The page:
Charles Watson discusses the issues of spreadsheet-based workforce management and questions if it’s time for you to turn to technology.
When I started in workforce management (WFM) in the late 90s, I was equipped with Excel and an Erlang calculator. I felt pretty cool.
I could determine the headcount requirement for every interval. I just needed to gather the handle time, volume and service level target.
I worked for a small company that had no funding for a workforce management tool and measurements in contact centres were still pretty basic at that point. Many of the leaders had been promoted from off the phones, so there wasn’t a lot of expertise in contact centre best practices.
I was able to build forecasts using historical data and projecting it forward. I could come up with interval requirements, and I could schedule a few dozen employees to see what my net staffing was at each interval. For a small operation, I could do most of what I needed to do with a spreadsheet.
Then we determined we needed to improve our occupancy. That meant multi-skilling. Then we decided we needed to switch people intraday between skills to maximise their ability to answer calls quickly. Then we separated out groups into regular and VIP, with the VIP staff taking calls from the regular line only in certain circumstances.
Everything I did was immediately obsolete.
Spreadsheets aren’t designed to take into account this level of complexity…
Our ability to schedule effectively and manipulate staff and calls in real time was extremely limited. I was able to build a case for our company to adopt a workforce management system (WFM). Immediately, we were able to improve our occupancy and service level consistency, and the employees enjoyed a more consistent workload. It was a win/win/win.
After having the system in place for a year, we couldn’t remember life before it. That technology, by today’s standards, was basic. Workforce management systems today are cloud-based, have great visuals, are easy for leadership, workforce management and the employees to use.
When Should You Think About Employing WFM Technology?
Here are five scenarios which may prompt you to consider investing in WFM technology.
1. You are getting complaints from customers about getting through
This is either an issue in achieving a target service level, or you may be achieving it monthly, but not on a consistent basis across the month.
A WFM system will improve your ability to plan for, schedule, and make real-time adjustments to be there for your customers.
2. Employees complain about the fairness of schedules
A poor WFM system, or using Excel, means you have limited capabilities to develop different types of schedules.
Customising schedules becomes manual and time-consuming.
3. Occupancy and/or Shrinkage is performing poorly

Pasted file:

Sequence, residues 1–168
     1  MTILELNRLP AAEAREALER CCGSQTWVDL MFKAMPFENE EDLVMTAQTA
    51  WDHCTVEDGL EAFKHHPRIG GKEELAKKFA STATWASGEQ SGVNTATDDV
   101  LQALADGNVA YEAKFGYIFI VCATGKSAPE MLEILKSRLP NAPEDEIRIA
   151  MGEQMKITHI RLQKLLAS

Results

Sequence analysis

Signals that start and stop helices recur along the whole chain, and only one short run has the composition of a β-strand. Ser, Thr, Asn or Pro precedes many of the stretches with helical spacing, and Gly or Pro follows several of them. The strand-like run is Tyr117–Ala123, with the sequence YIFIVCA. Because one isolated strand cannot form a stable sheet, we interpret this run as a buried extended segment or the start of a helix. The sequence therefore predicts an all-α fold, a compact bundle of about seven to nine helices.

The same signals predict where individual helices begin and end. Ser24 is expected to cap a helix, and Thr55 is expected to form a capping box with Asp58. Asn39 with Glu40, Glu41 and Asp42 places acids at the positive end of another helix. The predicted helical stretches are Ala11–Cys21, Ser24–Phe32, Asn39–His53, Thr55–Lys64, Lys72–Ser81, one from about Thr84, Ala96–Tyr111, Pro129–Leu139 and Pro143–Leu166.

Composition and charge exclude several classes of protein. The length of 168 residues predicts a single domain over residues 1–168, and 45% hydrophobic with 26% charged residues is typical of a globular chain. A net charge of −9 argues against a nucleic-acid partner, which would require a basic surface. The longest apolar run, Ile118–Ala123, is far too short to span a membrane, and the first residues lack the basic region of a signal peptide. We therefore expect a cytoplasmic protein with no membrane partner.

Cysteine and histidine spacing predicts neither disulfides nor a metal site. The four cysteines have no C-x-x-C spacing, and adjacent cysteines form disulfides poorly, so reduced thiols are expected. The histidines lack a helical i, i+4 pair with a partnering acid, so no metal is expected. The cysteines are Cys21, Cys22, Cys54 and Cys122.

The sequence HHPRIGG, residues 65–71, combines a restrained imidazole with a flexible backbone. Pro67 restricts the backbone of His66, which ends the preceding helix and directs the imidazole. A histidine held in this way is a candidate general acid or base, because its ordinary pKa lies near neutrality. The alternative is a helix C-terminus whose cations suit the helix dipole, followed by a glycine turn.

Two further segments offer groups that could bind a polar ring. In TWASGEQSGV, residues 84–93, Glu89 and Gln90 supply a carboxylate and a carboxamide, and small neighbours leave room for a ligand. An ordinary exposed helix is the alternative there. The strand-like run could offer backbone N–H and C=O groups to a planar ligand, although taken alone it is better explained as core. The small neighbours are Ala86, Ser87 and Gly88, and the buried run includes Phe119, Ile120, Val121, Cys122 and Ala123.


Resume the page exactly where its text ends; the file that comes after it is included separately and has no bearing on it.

Strong WFM technology helps you leverage your staff to maximise occupancy.
Additionally, it helps you to categorise and report your shrinkage into buckets that are easily manageable.
You can also run scenarios to show the impact of activities on the shrinkage or occupancy outcome. This provides invaluable insights for leadership.
4. You don’t know where your agents are spending their time
A WFM system can also give the contact centre a specialised view of agent productivity, being able to:
- Track all time spent by the agents
- Log approved time on phones as exceptions into the systems.
- Log unapproved or ad hoc time off phones as schedule adherence variations.
- Without a WFM system, this time is generally completely unaccounted for, creating a gap
5. Service levels are consistently being missed, and you can’t explain why
Often, this is linked back to the ability to track time accurately. With only a portion of the data, it will appear that you have enough staff, but you may be losing several hours per week per employee.
Having access to this information, it can be put back to operations leadership to action. Identifying the gap is only part of the challenge. The other part is actually getting something done about it. WFM report help to make your case and get action.
Workforce management technology often has a very strong return on investment (ROI). Anything that impacts staff requirements will generally pay for itself pretty quickly.
In addition to the reduction in headcount in the operations, it requires fewer people in workforce management to plan, schedule, and real-time manage effectively. Cloud-based solutions can be low-cost these days, so it’s a small investment to test one out and see what results it yields.
For companies that are growing, this will allow you to handle more calls without hiring staff. This is a “hard dollar” savings and something that Finance loves to see.
For companies that are flat or shrinking, you achieve a better service level at the same staff levels. This is a “soft dollar” savings. You have savings based on the extra staff you would have had to hire to meet the new, higher service level.
Some Finance departments aren’t as excited about this type of savings. But it is a saving. If they don’t accept the soft dollar savings, then the other business case is the improved customer service.
This blog post has been re-published by kind permission of injixo – View the original post